Postbuckling analysis of stiffened laminated composite panels, using a higher-order shear deformation theory

T. Yoda, S. N. Atluri

Research output: Contribution to journalArticlepeer-review

12 Scopus citations


The investigation aims at: (i) constructing a modified higher-order shear deformation theory in which Kirchhoff's hypotheses are relaxed, to allow for shear deformations; (ii) validating the present 5-parameter-smeared-laminate theory by comparing the results with exact solutions; and (iii) applying the theory to a specific problem of the postbuckling behavior of a flat stiffened fiber-reinforced laminated composite plate under compression. The first part of this paper is devoted mainly to the derivation of the pertinent displacement field which obviates the need for shear correction factors. The present displacement field compares satisfactorily with the exact solutions for three layered cross-ply laminates. The distinctive feature of the present smeared laminate theory is that the through-the-thickness transverse shear stresses are calculated directly from the constitutive equations without involving any integration of the equilibrium equations. The second part of this paper demonstrates the applicability of the present modified higher-order shear deformation theory to the post-buckling analysis of stiffened laminated panels under compression. to accomplish this, the finite strip method is employed. A C2-continuity requirement in the displacement field necessitates a modification of the conventional finite strip element technique by introducing higher-order polynomials in the direction normal to that of the stiffener axes. The finite strip formulation is validated by comparing the numerical solutions for buckling problems of the stiffened panels with some typical experimental results.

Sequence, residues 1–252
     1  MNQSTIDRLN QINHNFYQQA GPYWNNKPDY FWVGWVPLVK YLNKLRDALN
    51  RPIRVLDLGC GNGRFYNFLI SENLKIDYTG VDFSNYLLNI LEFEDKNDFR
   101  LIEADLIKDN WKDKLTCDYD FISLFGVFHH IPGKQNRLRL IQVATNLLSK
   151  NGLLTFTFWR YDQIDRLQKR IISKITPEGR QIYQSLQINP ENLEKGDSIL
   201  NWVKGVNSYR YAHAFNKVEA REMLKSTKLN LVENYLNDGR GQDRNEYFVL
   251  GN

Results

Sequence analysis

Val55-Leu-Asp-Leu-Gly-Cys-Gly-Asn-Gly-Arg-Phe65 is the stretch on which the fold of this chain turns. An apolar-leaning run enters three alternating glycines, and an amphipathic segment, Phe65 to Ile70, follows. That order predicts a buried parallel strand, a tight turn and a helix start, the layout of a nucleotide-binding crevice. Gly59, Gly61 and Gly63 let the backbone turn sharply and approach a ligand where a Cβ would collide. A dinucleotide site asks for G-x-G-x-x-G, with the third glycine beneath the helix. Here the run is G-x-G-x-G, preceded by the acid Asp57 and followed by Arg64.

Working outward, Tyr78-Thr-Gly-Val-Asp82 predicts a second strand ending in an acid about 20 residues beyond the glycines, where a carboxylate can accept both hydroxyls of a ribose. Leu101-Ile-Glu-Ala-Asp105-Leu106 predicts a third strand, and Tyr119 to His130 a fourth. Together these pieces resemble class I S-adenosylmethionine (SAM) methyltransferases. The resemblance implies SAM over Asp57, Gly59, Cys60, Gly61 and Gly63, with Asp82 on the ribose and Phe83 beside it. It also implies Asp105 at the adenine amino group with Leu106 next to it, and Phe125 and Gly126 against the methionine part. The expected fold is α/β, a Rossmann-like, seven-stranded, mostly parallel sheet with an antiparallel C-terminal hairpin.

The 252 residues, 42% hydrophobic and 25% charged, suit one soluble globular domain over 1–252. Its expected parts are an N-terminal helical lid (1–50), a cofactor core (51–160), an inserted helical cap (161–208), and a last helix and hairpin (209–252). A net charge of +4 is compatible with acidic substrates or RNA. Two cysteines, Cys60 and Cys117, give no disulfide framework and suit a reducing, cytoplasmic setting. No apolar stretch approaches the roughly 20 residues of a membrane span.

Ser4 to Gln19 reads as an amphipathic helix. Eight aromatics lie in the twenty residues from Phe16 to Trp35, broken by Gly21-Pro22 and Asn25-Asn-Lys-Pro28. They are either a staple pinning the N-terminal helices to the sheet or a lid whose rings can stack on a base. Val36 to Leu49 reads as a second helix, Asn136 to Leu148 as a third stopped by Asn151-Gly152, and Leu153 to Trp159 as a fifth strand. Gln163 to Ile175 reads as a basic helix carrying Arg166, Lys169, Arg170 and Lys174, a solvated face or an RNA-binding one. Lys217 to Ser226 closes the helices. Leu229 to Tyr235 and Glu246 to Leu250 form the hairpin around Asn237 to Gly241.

Original languageEnglish
Pages (from-to)390-404
Number of pages15
JournalComputational Mechanics
Issue number6
StatePublished - Nov 1992


Dive into the research topics of 'Postbuckling analysis of stiffened laminated composite panels, using a higher-order shear deformation theory'. Together they form a unique fingerprint.

Cite this